Delayed discharges lose almost 4m hospital days since 2011
Caring Times, December 2017
National older people’s charity Age UK says that, since 2011 almost four million hospital bed days have been lost through delayed discharges due to problems securing social care, with delays getting homecare rocketing by 209% in six years.
The charity says it’s getting worse, with the starkest increase occurring between 2015/16 and 2016/17, when there was a 27.2% rise in the number of bed days lost through an inability to have social care arrangements in place, from 695,037 days, to 954,799 days.
And the latest available figures show that in the period between April and July 2017, there have been 13.2% more days lost to social care than during the same period in 2016. Whilst there is no age breakdown available for patients affected by delayed hospital discharge they are typically older people. Age UK charity director Caroline Abrahams said the figures represented huge numbers of older people unable to start their recovery out of hospital, putting them at risk of infections, loss of mobility and psychological distress.
“It is also a terrible waste of NHS resources and shows short sightedness from successive governments in not addressing the social care crisis as it has spiralled year-on-year,” said Ms Abrahams.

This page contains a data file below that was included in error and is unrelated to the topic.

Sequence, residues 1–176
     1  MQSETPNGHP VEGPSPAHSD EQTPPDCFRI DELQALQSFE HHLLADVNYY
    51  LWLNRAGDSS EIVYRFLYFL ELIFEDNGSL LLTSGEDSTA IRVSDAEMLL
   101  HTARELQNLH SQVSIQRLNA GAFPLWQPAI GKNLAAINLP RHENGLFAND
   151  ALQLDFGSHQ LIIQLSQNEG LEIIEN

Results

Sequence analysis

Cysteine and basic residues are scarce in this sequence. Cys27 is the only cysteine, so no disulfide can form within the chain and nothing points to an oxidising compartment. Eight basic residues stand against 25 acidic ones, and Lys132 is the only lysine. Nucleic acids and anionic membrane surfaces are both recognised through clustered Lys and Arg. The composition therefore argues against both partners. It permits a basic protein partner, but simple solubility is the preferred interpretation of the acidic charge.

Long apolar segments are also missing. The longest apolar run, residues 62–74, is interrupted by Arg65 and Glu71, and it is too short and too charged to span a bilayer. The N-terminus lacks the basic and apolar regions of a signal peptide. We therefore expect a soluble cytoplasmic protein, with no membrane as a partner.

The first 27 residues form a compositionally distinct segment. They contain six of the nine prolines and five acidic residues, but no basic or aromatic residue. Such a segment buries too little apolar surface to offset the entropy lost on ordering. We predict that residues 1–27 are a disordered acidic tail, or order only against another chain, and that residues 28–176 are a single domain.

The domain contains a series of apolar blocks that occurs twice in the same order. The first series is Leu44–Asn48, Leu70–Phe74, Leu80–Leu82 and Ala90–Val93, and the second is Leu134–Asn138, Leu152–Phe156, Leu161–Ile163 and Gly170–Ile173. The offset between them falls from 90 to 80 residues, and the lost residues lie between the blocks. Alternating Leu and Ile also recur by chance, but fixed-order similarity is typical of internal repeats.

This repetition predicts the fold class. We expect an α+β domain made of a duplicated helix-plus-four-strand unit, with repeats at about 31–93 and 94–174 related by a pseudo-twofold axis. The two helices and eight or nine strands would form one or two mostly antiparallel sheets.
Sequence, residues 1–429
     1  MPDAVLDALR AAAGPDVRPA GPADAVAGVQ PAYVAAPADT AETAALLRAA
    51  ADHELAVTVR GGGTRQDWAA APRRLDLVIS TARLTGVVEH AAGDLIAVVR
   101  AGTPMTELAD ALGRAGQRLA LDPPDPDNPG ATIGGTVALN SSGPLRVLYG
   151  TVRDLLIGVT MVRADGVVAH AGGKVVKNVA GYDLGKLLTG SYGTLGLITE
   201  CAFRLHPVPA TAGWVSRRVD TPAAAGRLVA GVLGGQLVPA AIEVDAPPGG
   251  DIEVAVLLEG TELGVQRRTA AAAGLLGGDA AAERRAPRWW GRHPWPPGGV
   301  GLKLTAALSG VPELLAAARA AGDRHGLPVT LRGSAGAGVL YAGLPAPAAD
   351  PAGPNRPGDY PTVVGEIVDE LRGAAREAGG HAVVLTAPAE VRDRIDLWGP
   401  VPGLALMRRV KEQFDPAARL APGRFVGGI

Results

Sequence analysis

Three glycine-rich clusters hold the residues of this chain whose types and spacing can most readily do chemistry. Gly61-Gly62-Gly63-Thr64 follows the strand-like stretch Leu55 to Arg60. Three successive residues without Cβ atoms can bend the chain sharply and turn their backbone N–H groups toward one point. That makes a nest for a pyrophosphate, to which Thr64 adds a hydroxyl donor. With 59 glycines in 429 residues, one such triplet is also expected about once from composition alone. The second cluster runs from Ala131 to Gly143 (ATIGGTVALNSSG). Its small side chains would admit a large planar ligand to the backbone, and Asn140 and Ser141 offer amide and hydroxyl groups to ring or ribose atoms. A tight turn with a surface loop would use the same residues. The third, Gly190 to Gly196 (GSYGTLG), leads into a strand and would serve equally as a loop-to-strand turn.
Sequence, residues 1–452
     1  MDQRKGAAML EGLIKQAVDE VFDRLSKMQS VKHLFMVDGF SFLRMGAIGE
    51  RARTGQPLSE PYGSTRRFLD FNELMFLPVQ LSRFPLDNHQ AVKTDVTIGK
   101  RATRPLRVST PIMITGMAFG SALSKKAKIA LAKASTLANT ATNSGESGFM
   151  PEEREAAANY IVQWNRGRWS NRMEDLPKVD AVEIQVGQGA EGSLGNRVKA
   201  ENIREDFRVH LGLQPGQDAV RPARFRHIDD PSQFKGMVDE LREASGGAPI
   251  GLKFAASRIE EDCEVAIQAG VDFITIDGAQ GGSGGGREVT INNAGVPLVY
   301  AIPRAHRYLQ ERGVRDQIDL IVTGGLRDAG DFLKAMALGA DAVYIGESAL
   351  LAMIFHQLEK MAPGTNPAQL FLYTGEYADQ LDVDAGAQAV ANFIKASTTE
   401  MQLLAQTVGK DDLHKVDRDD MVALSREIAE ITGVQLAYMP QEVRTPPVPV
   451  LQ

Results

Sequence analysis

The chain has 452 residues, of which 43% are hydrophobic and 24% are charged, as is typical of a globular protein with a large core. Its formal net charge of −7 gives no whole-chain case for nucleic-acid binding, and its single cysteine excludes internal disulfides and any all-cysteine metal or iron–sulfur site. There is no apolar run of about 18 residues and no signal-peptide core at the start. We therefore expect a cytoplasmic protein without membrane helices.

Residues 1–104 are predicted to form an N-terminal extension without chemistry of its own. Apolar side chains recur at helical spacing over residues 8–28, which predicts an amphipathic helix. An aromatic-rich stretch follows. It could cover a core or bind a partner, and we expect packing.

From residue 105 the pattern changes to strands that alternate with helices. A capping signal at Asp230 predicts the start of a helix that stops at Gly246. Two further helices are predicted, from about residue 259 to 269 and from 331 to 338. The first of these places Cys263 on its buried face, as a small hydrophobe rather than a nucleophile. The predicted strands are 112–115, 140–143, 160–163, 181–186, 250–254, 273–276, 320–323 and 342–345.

“An excess bed day in the NHS costs between £2,089 and £2,532 a week for non-elective and elective inpatients, respectively, compared to about £519 for a place in residential care and less still for homecare.
“These delayed discharge figures show the disastrous impact of our failing social care system on the NHS, as well as on older people themselves. Increasing numbers are being marooned in their hospital beds, losing muscle tone and risking infection when they are medically fit enough to leave, often because of acute shortages of social care, especially of the home visiting kind. There is no doubt that some older people’s chances of a good recovery are being totally undermined as a result.
“To add insult to injury, this ridiculous and sometimes tragic situation cost the tax payer over £173 million last year alone, money that would have been much better spent giving older people the social care they need.”